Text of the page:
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Identification of Strategic Industries: A Dynamic Perspective

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  • Bart Los

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Abstract

Every once in a while, national governments face difficult decision problems regarding financial support of important domestic firms or even entire national national industries. Similar problems are often faced by regional or urban governments. Given these problems, it is important to get indications of the societal value of industries. In principle, input-output tables provide a lot of information in revealing the linkages between industries. On the basis of these tables, various measures of the value of industries have been derived. One of these measures is found by applying the 'hypothetical extraction method', originally proposed by Strassert (Jahrb.Nat.Stat., 1968) and refined and applied by, among others, Milana (MetrEc., 1985), Groenewold, Hagger & Madden (Reg.Stud., 1987) and Dietzenbacher & Van der Linden (J.Reg.Sci., 1997). This approach has two major drawbacks. First, it is a purely static approach, in which technological progress does not play a role at all. Second, it assumes that output and employment levels are purely demand-determined. In this paper, I propose a biregional supply-side input-output model with two factors of production (high-skilled and low-skilled labor) and interregional interindustry technology spillovers. Applying hypothetical extraction methods to this model yields an alternative framework for identifying important sectors in a dynamic sense.

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  • Bart Los, 2001. "Identification of Strategic Industries: A Dynamic Perspective," ERSA conference papers ersa01p112, European Regional Science Association.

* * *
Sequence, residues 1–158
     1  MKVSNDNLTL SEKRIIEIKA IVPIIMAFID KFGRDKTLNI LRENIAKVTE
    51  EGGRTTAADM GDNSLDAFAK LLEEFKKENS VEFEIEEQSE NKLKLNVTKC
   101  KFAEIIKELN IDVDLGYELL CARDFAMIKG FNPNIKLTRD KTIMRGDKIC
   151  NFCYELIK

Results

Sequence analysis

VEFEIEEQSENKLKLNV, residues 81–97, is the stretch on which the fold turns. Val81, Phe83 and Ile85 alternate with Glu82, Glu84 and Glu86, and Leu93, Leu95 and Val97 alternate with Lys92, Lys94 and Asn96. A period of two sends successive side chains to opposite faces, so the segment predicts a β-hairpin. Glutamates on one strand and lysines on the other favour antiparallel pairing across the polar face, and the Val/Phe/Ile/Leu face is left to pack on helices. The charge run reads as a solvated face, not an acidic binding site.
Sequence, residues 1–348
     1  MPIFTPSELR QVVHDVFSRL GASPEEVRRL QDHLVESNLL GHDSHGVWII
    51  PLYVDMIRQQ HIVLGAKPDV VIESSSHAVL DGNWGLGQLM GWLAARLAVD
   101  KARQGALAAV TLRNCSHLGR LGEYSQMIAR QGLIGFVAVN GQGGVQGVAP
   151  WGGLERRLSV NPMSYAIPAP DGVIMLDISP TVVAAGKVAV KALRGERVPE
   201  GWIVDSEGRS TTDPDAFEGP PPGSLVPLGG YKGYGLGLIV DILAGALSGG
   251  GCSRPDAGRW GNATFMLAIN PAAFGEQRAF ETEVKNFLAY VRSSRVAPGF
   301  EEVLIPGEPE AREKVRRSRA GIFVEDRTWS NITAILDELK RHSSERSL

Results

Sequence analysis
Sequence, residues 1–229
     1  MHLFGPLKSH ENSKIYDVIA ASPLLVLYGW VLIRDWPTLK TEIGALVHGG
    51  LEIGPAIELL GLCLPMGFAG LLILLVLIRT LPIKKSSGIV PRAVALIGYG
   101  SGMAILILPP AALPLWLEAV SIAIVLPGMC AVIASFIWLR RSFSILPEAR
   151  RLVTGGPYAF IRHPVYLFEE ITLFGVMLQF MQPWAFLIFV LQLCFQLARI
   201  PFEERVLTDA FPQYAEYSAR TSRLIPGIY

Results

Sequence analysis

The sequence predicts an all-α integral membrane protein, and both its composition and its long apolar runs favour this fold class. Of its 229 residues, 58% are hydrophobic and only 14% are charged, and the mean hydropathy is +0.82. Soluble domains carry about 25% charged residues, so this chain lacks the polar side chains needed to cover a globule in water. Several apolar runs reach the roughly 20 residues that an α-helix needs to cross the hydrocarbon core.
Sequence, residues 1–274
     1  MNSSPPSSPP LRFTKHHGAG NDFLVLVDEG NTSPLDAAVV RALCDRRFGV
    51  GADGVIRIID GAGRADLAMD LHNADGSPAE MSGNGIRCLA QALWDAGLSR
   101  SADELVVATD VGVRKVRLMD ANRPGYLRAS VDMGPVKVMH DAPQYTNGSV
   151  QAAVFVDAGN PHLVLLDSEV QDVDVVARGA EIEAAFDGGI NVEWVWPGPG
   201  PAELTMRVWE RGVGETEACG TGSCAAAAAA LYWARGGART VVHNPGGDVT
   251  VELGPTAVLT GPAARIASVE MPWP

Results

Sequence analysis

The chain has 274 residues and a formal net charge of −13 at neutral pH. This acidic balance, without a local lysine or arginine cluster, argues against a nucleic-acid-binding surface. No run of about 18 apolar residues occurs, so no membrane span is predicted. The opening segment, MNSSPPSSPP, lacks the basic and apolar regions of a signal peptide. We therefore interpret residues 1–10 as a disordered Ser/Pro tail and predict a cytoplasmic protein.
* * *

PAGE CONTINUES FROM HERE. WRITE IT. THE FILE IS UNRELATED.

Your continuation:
• Handle: RePEc:wiw:wiwrsa:ersa01p112
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    Cited by:

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    3. Umed Temurshoev, 2010. "Identifying Optimal Sector Groupings With The Hypothetical Extraction Method," Journal of Regional Science, Wiley Blackwell, vol. 50(4), pages 872-890, October.
    4. Lampiris, Georgios & Karelakis, Christos & Loizou, Efstratios, 2018. "Evaluation of the impacts of CAP policy measures on a local economy: The case of a Greek region," Land Use Policy, Elsevier, vol. 77(C), pages 745-751.
    5. Miguel, Francisco Javier de & Llop Llop, Maria & Manresa, Antonio, 1954-, 2011. "Simulating the Impact of Sectorial Productivity Gains on Two Regional Economies: Key Sectors from a Supply Side Perspective," Working Papers 2072/169681, Universitat Rovira i Virgili, Department of Economics.
    6. Henrique Morrone, 2018. "Which Sectors To Stimulate First In Brazil? Estimating The Sectoral Power To Pull The Economy Out Of The Recession," Anais do XLIV Encontro Nacional de Economia [Proceedings of the 44th Brazilian Economics Meeting] 95, ANPEC - Associação Nacional dos Centros de Pós-Graduação em Economia [Brazilian Association of Graduate Programs in Economics].
    7. Raffaele Giammetti & Alberto Russo & Mauro Gallegati, 2020. "Key sectors in input–output production networks: An application to Brexit," The World Economy, Wiley Blackwell, vol. 43(4), pages 840-870, April.
    8. Valerija Botric, 2013. "Identifying Key Sectors in Croatian Economy Based on Input-Output Tables," Working Papers 1302, The Institute of Economics, Zagreb.
    9. Karyn Morrissey, 2016. "A location quotient approach to producing regional production multipliers for the Irish economy," Papers in Regional Science, Wiley Blackwell, vol. 95(3), pages 491-506, August.
    10. Kraftova Ivana & Chladek Tomas & Minarik Jakub, 2011. "Do Globalisation and Economic Cycles Reduce the Sector Inequality of Supra-Regions?," European Spatial Research and Policy, Sciendo, vol. 18(2), pages 111-127, November.

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